Back in November, George Takei, Star Trek‘s Sulu and the Internet’s beloved “Uncle George,” the King of Twitter, was accused of sexual assault. The editorial staff of SCIFI.radio discussed the accusation at the time, and decided the allegations were too vague to report. People like Harvey Weinstein had rumors of sexual harassment for years; there was no such gossip about Dr. Takei.
Scott Brunton claimed that Takei assaulted him in 1981. He didn’t make the claim until 2017, 36 years after the events allegedly took place. Takei not only denied this allegation, but said he had no memory of ever meeting Brunton.
Brunton claimed that Takei had invited him home for drinks, spiked the drinks, and then partially undressed him and began fondling him.
Seeking The Truth
In a masterful piece of investigative reporting, Shane Snow offers evidence in an article in The Observer that George Takei’s accuser was either lying or greatly exaggerating.
Brunton claimed that Takei had invited him home for drinks, spiked the drinks, and then partially undressed him and began fondling him. However, as he retold his story, details changed. He was drugged. He wasn’t drugged. He was groped. He wasn’t groped. In every version of the story, Takei stopped when Brunton protested and even expressed concern that Brunton was too drunk to drive home safely.
As I stated before, I do not remember Mr. Brunton or any of the events he described from forty years ago, but I do understand that this was part of a very important national conversation that we as a society must have, painful as it might be.
— George Takei (@GeorgeTakei) May 25, 2018
Shane Snow needed to know whether Takei was guilty or innocent. He had written a book, and one chapter was about Takei’s fight against racial and anti-LGBT discrimination. If Takei were guilty, he would need to delete the chapter. If Takei were innocent, Snow did not want to add to the kangaroo court of public opinion. Snow spoke “with Brunton, people close to Takei, medical toxicologists and legal experts in sex offenses.” He quickly noticed the pieces didn’t add up.
A. This was out of character for George Takei, who has a reputation in Hollywood for being a genuinely nice guy.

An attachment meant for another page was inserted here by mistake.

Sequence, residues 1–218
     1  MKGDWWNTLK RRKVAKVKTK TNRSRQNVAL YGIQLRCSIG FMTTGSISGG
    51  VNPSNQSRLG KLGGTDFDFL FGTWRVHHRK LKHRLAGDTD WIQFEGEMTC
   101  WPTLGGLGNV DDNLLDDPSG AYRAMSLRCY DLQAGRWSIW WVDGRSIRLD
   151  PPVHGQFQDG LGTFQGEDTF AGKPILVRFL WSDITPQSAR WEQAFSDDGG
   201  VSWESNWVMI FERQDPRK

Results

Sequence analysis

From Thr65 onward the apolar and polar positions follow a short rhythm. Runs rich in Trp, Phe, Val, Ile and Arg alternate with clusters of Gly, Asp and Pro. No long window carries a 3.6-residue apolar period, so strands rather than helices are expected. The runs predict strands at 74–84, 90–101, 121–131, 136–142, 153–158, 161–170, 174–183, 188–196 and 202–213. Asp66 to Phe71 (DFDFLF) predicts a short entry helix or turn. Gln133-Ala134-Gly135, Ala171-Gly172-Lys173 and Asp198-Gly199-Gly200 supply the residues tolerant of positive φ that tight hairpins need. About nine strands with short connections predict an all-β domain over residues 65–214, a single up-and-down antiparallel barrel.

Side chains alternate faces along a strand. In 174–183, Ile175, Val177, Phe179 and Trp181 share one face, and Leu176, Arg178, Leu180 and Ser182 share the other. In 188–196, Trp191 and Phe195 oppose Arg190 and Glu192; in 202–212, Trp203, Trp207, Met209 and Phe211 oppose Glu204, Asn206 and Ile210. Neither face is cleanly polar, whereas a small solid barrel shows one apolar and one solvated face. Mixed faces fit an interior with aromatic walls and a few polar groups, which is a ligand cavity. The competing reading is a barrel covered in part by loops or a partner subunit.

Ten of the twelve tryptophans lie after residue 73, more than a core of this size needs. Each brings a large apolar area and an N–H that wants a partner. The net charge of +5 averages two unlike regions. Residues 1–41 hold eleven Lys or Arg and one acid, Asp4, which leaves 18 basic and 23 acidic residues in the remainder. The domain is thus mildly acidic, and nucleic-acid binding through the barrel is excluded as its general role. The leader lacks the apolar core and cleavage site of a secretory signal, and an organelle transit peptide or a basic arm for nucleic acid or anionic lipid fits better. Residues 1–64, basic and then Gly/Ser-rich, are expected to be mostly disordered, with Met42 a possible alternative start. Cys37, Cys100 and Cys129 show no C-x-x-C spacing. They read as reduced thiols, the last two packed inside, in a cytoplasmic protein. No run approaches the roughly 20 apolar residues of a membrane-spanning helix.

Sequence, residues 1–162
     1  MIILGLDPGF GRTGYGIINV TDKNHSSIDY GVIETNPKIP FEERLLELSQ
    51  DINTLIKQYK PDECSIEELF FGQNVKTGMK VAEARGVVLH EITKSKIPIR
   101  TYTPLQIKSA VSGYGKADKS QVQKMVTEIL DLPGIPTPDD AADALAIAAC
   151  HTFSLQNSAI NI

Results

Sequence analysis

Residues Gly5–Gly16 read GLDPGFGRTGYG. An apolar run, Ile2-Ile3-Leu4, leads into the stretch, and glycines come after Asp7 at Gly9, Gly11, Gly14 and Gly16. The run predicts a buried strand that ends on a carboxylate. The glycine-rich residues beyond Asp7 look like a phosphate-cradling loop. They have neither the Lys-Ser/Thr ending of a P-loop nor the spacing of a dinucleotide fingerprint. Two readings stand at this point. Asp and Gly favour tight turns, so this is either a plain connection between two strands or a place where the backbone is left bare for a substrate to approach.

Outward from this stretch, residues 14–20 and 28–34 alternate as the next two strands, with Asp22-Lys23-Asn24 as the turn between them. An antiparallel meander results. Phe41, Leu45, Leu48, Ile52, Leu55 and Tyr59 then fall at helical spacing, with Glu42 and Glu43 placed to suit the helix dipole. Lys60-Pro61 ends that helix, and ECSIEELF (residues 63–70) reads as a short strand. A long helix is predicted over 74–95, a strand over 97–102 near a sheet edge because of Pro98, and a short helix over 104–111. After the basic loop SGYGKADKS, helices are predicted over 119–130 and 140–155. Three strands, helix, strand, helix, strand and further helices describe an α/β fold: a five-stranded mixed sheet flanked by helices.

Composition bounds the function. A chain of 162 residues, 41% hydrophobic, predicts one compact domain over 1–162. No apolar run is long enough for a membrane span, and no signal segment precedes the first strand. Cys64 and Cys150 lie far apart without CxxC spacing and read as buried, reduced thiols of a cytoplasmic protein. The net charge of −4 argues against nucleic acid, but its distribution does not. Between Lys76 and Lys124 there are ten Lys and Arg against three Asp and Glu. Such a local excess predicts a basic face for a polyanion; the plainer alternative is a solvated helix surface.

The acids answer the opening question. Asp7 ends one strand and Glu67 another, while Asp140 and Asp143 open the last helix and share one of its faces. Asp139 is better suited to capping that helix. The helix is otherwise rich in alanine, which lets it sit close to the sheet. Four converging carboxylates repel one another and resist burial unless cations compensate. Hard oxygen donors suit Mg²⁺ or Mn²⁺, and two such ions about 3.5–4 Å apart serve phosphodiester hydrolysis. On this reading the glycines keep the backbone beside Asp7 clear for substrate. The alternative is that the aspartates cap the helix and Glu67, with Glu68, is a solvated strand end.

Those that know me understand that non-consensual acts are so antithetical to my values and my practices, the very idea that someone would accuse me of this is quite personally painful.
B, Not only did the details of the story keep changing, but Brunton admitted to lying about some parts.
C. Medical toxicologists said from the description, it was unlikely Bruton’s drink was spiked. Bruton also admitted later he’d been drinking prior to going to Takei’s home.
“It sounds like postural hypotension, exacerbated by alcohol,” said Lewis Nelson, the director of medical toxicology at Rutgers New Jersey Medical School. Postural hypotension is a sudden decrease in blood pressure that can occur when a person stands up quickly and can lead to dizziness.
D. Nothing illegal occurred. Snow described the incident to Ambrosio Rodriguez, a retired senior deputy district attorney, leaving out the names. Rodriguez confirmed there was no crime to prosecute. Making a pass is not illegal, so long as the one doing so backs off when consent is denied. And since Takei was not married until 2008 and the alleged incident occurred in 1981, there was no adultery.
E. The context of the times must be remembered. In the Gay subculture in southern California in the ’80s, one man asking another over to his apartment for drinks was commonly understood to be an offer for casual sex. Brunton, being young and naive by his own admission, and new to California, may not have realized this.
What Can We Conclude From This?
Was Scott Brunton lying, either intentionally or via false recollection? Did he make up the whole thing to get his fifteen minutes of fame at someone else’s expense? Or was his decision to speak held back by concerns for his own public image or personal reputation?
Did George Takei forget a casual encounter from decades ago? He is 81, after all, and a failed one-night stand might be difficult to remember from so long ago. Certainly Brunton had difficulty remembering details consistently, and he is twenty years younger than Takei. Was it simply a misunderstanding of local customs and mores of the Gay community on Brunton’s part? Did Brunton confuse a chance meeting with Takei with a sexual encounter with someone else, combining the two in his mind? He had been drinking.
Two things are certain: George Takei did not sexually assault Scott Brunton, and people on Facebook and Twitter should wait until they have all the facts, rather than rushing to judgement.
Susan Macdonald is the author of the children’s book “R is for Renaissance Faire”, as well as short stories in “Alternative Truths”, “Swords and Sorceress #30”, “Supernatural Colorado”, “Barbarian Crowns”, “Cat Tails””Under Western Stars”, and “Knee-High Drummond and the Durango Kid”. Her articles have appeared on SCIFI.radio’s web site, in The Inquisitr, and in The Millington Star. She enjoys Renaissance Faires (see book above), science fiction conventions, Highland Games, and Native American pow-wows.